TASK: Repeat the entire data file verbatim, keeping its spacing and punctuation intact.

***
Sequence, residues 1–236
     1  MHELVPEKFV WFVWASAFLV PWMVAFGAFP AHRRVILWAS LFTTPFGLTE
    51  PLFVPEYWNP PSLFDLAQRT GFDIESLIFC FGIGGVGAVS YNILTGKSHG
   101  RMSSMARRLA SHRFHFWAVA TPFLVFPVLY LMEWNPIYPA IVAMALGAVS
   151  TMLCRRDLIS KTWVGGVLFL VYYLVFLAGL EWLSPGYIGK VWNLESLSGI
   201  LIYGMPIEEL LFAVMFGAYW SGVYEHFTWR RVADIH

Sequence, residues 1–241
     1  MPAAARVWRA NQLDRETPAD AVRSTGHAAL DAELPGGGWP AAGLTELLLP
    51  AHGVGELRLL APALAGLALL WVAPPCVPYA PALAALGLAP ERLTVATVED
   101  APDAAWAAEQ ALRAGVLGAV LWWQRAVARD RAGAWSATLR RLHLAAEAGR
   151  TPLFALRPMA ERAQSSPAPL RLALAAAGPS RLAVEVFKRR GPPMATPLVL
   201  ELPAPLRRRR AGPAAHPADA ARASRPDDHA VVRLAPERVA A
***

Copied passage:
Sequence, residues 1–236
     1  MHELVPEKFV WFVWASAFLV PWMVAFGAFP AHRRVILWAS LFTTPFGLTE
    51  PLFVPEYWNP PSLFDLAQRT GFDIESLIFC FGIGGVGAVS YNILTGKSHG
   101  RMSSMARRLA SHRFHFWAVA TPFLVFPVLY LMEWNPIYPA IVAMALGAVS
   151  TMLCRRDLIS KTWVGGVLFL VYYLVFLAGL EWLSPGYIGK VWNLESLSGI
   201  LIYGMPIEEL LFAVMFGAYW SGVYEHFTWR RVADIH

Sequence, residues 1–241
     1  MPAAARVWRA NQLDRETPAD AVRSTGHAAL DAELPGGGWP AAGLTELLLP
    51  AHGVGELRLL APALAGLALL WVAPPCVPYA PALAALGLAP ERLTVATVED
   101  APDAAWAAEQ ALRAGVLGAV LWWQRAVARD RAGAWSATLR RLHLAAEAGR
   151  TPLFALRPMA ERAQSSPAPL RLALAAAGPS RLAVEVFKRR GPPMATPLVL
   201  ELPAPLRRRR AGPAAHPADA ARASRPDDHA VVRLAPERVA A